21 Jan

Asia’s Shipping Lines Are Facing More Mergers

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Swim or sink: That’s the message shipping executives in Asia are taking into the new year.
Faced with a prolonged trade slowdown and depressed freight rates, the region’s container lines are set for further consolidation after a year that’s seen the collapse of South Korea’s Hanjin Shipping Co., a mega merger among Japanese rivals and the sale of Singapore’s shipping flagship. With capacity in excess, firms will continue joining forces to cut costs and improve efficiency, according to the heads of A.P. Moller-Maersk A/S and Hyundai Merchant Marine Co.
“It will be another difficult year,” Hyundai Merchant Chief Executive Officer Yoo Chang-keun said in his New Year’s speech to employees. “Global shipping companies are preparing for the long battle in the shipping industry through M&As and government support.”
An overly optimistic outlook of trade recovery following the 2008-2009 global financial crisis prompted shipping companies to order ever-larger vessels, with some stretching longer than the Eiffel Tower. As capacity piled up, the companies tried to under-bid each other on freight rates to lure clients, causing levies to drop to unprofitable levels and sinking the global container-shipping industry into losses.
“The old model of growth through acquiring new capacity, building new ships is not working any longer,” Soren Skou, chief executive officer of Copenhagen-based market leader A.P. Moller-Maersk A/S, said in a Bloomberg Television interview in December. “There are a number of players in our industry that have not been profitable for a long stretch. So I see consolidation continuing.”
Pointing to an imbalance in supply and demand that has destabilized the industry and created an environment which is “adverse to container line profitability,” Nippon Yusen KK, Mitsui O.S.K. Lines Ltd. and Kawasaki Kisen Kaisha Ltd., Japan’s biggest shipping companies, agreed in October to combine their container-moving businesses, with the joint operation targeted to begin in April 2018.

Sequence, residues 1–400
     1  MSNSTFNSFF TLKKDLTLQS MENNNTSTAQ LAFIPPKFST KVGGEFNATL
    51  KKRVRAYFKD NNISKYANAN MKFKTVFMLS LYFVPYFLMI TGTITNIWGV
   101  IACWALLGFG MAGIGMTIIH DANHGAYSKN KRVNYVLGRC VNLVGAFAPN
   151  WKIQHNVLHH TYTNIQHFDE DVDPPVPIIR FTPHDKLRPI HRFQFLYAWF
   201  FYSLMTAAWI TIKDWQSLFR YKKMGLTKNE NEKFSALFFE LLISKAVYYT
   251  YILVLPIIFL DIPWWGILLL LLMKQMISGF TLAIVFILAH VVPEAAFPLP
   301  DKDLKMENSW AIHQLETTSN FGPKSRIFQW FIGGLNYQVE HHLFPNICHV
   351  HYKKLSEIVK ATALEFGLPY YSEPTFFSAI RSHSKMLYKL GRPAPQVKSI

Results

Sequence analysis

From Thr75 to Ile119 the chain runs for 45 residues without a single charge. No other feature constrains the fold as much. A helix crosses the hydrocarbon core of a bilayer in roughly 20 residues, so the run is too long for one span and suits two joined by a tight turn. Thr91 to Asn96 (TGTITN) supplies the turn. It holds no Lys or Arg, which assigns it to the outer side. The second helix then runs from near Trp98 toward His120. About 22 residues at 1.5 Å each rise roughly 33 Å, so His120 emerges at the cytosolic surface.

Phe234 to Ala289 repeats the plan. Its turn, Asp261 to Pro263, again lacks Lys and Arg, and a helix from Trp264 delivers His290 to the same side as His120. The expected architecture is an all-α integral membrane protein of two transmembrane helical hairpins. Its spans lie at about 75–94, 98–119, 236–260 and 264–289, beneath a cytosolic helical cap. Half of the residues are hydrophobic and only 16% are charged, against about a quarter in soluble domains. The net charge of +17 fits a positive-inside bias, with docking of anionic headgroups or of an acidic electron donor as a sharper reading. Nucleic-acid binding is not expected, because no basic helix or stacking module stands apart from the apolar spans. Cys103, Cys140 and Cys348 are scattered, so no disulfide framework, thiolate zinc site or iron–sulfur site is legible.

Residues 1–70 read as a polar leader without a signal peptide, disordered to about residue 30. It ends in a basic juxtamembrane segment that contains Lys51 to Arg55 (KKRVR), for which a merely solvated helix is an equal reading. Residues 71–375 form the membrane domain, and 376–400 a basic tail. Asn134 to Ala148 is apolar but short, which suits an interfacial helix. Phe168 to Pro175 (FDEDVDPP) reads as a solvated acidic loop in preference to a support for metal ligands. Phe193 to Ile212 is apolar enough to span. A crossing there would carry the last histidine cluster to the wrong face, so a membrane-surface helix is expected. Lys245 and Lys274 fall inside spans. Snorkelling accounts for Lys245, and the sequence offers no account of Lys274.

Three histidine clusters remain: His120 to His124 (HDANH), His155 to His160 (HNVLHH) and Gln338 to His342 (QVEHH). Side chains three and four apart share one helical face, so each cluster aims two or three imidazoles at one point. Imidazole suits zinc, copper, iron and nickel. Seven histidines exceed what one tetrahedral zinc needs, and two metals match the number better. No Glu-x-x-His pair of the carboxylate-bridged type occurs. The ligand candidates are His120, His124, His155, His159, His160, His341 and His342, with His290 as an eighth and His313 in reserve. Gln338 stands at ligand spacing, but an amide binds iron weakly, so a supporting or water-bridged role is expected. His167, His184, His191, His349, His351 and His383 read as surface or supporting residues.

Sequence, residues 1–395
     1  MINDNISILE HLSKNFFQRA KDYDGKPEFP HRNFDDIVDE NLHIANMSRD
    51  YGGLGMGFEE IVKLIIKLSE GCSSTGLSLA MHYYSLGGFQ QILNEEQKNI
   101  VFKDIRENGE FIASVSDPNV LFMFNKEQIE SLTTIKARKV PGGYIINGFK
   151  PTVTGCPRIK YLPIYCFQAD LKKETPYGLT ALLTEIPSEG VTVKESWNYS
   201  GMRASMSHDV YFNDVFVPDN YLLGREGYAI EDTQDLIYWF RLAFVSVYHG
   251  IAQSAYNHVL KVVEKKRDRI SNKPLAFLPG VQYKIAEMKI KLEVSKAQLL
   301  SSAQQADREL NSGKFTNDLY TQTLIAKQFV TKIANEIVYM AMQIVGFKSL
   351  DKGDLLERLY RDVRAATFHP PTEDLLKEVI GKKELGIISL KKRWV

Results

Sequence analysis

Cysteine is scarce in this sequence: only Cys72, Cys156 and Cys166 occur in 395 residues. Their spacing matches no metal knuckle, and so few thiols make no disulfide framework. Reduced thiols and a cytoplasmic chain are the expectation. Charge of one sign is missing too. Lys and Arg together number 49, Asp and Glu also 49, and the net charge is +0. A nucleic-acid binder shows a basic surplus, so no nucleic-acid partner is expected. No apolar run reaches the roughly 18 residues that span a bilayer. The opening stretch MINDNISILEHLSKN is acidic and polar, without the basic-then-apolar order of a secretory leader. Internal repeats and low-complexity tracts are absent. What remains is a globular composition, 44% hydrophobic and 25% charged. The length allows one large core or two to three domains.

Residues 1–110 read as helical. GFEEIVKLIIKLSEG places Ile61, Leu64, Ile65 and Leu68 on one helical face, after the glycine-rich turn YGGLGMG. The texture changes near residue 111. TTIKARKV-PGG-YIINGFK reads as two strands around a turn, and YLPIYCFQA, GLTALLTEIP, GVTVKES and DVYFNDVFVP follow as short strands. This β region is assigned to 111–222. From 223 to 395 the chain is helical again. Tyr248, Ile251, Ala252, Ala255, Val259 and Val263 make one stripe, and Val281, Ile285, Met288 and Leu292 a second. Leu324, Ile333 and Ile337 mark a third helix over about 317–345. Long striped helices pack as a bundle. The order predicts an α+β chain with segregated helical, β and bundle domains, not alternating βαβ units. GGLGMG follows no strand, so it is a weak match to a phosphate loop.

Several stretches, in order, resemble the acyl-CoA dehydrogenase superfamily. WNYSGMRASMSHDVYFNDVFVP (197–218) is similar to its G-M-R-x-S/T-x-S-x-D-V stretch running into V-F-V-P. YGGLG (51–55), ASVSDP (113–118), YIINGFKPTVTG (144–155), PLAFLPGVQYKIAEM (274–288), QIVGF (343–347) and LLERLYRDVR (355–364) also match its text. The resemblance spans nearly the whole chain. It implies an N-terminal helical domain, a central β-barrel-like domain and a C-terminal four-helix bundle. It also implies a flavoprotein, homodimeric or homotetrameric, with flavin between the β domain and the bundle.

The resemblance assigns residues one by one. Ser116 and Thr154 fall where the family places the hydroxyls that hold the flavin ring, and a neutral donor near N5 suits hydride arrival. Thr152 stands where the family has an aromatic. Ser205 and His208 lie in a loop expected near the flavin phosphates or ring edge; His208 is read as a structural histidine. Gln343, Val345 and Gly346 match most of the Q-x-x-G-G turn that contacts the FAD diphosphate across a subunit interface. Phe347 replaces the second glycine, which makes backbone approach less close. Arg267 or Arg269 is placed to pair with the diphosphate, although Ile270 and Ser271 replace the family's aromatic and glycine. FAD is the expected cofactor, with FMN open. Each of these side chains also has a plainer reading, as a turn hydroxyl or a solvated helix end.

CMA CGM SA, the world’s third-largest container-shipping company, bought Singapore’s Neptune Orient Lines Ltd. in early 2016. China merged its two shipping groups — China Ocean Shipping Group and China Shipping Group — in late 2015, forming China Cosco Shipping Corp., Asia’s biggest container line.Hanjin, once the world’s seventh-biggest container-shipping company, sought court receivership last year after creditors ended all funding support and the government decided not to intervene. Korean rival Hyundai Merchant was taken over by lender-banks as part of a creditor-led restructuring.
Topping a year of mega mergers, Maersk agreed in December to buy Hamburg Sud. Maersk will focus on integrating the German company before looking at other deals, CEO Skou said at the time.
Industry spotlight will turn to a possible merger between Taiwanese shipping companies such as Evergreen Marine Corp. and Yang Ming Marine Transport Corp., or a buyout of Hyundai Merchant, according to Kim Tae-il, a research analyst at the Korea Maritime Institute.
“Hanjin’s demise brought forth the urgent need for industry restructuring,” Kim said. “Through mergers and acquisitions, there will be fewer players and they can stop trying to undercut each other.”
Hyundai Merchant will focus on improving competitiveness of its existing operations, a spokesman at the Seoul-based company said in comments requested for this story.
Evergreen adopts a strategy of organic growth and has no plan for mergers or acquisitions, the company said in an e-mailed response to Bloomberg News.
There are no plans to merge with Evergreen, Yang Ming Executive Vice President Winsor Huang said by phone. The company, which gained shareholder approval in December to cancel some stock and sell new shares, is working hard to improve its finances, cut costs and enhance efficiency, he said.
Spot prices to transport a 20-foot container to Europe from Asia continued their annual declines, falling 5 percent in 2016, Shanghai Shipping Exchange data showed. A reduction in the number of container lines could help the companies push up freight rates, said Jason Chiang, a Singapore-based director at Ocean Shipping Consultants.
Global shipping lines are projected to report a loss of $5.2 billion in earnings before interest and taxes in 2016, the worst since 2011, according to Drewry Financial Research Services Inc. The International Monetary Fund estimates that world trade will climb 3.8 percent in 2017 after expanding last year at the slowest pace since the global financial crisis.
“There will be a lot of changes in the global shipping industry as challenging times continue,” Hyundai Merchant CEO Yoo said in his Jan. 2 speech. “While we could see some improvements, it’s not easy to predict when there will be any meaningful recovery.”
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